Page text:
About to Die: How News Images Move the Public

Paperback | November 15, 2010

byBarbie Zelizer

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Images of people about to die surface repeatedly in the news, particularly around the difficult and unsettled events of war, political revolution, terrorism, natural disaster, and other crises. Their appearance raises questions: What equips an image to deliver the news; how much does thepublic need to know to make sense of what they see; and what do these images contribute to historical memory? About To Die addresses these questions by using images of imminent death as a litmus test for considering news imagery and visual meaning more broadly. The depictions, freezing action at theelemental moment when a person's contribution to history is registered, elicit contemplation and emotion. Used in ways that counter traditional understandings of both journalistic practice and the public's response to news, such images drive the public encounter with important events throughimpulses of implication, conditionality, hypothesis and contingency, rather than through evidentiary force. These images call on us to rethink both journalism and its public response, and in so doing they suggest both an alternative voice in the news--a subjunctive voice of the visual that pushesthe 'as if' of news over its 'as is' dimensions--and an alternative mode of public engagement with journalism--an engagement fueled not by reason and understanding but by imagination and emotion. Tracking events as wide-ranging as the 1906 San Francisco Earthquake, Holocaust, Vietnam War, famine, Intifada, 2004 tsunami, and 9/11 and the 'war on terror,' this book suggests that a different kind of news relay, producing a different kind of public response, has settled into our informationenvironment. It is in a development that has profound and under-explored implications for society's collective memory, the full breadth of which are tackled here.

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Images of people about to die surface repeatedly in the news, particularly around the difficult and unsettled events of war, political revolution, terrorism, natural disaster, and other crises. Their appearance raises questions: What equips an image to deliver the news; how much does thepublic need to know to make sense of what they se...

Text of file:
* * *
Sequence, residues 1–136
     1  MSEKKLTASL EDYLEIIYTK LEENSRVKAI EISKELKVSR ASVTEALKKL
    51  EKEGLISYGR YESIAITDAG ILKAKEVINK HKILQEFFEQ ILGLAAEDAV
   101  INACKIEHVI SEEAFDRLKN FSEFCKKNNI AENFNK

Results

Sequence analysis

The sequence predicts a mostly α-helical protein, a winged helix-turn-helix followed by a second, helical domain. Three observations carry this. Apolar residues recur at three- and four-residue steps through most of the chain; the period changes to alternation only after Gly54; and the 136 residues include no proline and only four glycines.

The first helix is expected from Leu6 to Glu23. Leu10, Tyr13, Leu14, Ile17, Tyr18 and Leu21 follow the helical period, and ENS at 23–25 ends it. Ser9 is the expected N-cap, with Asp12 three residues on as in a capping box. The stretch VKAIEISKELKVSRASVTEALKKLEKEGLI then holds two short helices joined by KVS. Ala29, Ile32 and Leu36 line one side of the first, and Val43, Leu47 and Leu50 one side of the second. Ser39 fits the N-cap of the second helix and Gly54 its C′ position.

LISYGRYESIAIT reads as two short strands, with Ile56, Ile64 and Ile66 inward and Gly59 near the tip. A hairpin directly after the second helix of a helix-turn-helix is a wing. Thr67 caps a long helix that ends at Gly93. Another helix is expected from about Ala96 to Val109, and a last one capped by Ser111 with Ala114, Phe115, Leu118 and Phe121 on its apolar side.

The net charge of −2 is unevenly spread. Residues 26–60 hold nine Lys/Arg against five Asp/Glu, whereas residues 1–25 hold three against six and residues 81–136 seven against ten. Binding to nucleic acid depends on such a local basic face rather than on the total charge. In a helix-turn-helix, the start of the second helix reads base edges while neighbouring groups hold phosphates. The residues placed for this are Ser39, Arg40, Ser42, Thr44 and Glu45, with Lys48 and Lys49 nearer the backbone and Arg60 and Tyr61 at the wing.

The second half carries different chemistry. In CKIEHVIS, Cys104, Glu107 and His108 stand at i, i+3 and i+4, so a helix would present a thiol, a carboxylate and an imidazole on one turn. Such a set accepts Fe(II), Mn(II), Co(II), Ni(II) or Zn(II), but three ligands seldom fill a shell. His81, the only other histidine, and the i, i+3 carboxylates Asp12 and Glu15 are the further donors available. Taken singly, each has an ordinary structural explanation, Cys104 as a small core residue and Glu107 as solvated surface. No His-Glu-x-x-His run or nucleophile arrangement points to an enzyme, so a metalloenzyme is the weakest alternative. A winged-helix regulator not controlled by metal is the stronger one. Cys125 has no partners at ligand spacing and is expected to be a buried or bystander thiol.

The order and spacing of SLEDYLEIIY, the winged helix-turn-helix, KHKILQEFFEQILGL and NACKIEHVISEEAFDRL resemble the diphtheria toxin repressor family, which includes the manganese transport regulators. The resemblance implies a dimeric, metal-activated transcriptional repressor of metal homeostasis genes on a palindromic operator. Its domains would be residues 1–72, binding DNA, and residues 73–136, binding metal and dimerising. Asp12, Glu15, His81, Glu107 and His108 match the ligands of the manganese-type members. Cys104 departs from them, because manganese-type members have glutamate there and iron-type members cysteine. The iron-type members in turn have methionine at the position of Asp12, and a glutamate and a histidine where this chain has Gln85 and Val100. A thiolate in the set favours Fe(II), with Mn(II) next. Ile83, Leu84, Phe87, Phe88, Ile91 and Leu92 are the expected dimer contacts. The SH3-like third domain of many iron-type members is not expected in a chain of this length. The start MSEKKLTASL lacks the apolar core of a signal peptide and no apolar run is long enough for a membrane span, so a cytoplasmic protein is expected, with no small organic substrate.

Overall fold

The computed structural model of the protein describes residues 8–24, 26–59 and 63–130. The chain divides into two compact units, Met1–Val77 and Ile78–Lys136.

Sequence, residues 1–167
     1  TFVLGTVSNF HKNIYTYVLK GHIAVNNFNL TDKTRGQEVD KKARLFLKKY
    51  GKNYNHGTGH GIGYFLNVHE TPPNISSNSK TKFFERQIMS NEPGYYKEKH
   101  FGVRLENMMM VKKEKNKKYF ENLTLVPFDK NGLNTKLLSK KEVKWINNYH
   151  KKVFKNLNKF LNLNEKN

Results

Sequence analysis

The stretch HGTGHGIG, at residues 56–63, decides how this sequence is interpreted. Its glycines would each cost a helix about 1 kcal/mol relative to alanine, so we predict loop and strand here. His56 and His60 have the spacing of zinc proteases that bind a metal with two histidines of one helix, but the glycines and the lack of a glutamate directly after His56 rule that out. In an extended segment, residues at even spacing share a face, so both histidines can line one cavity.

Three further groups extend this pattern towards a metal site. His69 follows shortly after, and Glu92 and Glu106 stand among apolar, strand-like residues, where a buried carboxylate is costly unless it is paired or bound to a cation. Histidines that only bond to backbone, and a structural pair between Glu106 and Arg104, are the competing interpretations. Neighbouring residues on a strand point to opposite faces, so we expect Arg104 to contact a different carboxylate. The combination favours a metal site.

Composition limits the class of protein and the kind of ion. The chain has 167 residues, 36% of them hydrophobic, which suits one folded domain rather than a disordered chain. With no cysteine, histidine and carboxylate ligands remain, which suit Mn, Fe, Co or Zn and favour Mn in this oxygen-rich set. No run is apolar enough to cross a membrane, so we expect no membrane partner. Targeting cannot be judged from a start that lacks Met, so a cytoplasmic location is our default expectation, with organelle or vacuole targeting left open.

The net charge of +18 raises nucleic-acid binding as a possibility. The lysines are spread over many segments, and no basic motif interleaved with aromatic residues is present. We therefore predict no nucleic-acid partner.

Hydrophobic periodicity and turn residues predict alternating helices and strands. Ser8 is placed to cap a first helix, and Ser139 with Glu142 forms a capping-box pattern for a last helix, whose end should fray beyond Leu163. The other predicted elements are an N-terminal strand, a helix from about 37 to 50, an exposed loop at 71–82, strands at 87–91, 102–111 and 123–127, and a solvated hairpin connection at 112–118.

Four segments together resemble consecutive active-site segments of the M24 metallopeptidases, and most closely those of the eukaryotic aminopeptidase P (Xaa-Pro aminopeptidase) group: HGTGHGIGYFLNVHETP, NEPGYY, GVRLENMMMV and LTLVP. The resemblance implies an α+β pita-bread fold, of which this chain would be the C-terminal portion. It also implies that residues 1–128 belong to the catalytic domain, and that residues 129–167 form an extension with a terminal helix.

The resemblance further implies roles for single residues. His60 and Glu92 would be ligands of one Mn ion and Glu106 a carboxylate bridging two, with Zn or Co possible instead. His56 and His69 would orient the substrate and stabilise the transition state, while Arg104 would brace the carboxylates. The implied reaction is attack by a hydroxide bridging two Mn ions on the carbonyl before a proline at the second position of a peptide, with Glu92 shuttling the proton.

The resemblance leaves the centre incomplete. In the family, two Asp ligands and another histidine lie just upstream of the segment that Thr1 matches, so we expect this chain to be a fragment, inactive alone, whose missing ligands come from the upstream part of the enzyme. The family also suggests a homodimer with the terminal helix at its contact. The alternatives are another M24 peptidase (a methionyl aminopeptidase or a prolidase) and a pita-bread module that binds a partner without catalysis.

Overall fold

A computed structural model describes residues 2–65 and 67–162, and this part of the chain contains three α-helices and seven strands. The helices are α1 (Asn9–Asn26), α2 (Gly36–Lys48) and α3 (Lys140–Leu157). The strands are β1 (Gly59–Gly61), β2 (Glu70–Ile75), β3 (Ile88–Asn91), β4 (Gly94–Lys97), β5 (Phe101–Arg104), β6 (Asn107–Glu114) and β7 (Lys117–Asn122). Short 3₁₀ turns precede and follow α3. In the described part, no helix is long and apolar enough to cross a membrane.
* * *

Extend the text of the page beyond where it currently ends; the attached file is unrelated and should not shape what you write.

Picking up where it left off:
Barbie Zelizer is Raymond Williams Chair of Communication and the Director of the Scholars Program in Culture and Communication at the Annenberg School for Communication at the University of Pennsylvania. She is the editor of several collections and the author of Remembering to Forget: Holocaust Memory through the Camera's Eye and Co...

other books by Barbie Zelizer

Explorations in Communication and History
Explorations in Communication and History

Kobo ebook|Oct 27 2008

$57.68

About to Die: How News Images Move the Public
About to Die: How News Images Move the Public

Kobo ebook|Dec 1 2010

$13.89 online$17.99list price(save 22%)
see all books by Barbie Zelizer
Format:PaperbackDimensions:448 pages, 9.25 × 6.12 × 0.68 inPublished:November 15, 2010Publisher:Oxford University PressLanguage:English

The following ISBNs are associated with this title:

ISBN - 10:0199752141

ISBN - 13:9780199752140

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Table of Contents

Acknowledgments1. Journalism, Memory and The Voice of the Visual2. Why Images of Impending Death Makes Sense in the News3. Presumed Death4. Possible Death5. Certain Death6. Journalism's Mix of Presumption, Possibility and Certainty7. When the "As If" Erases Accountability8. How News Images Move the Public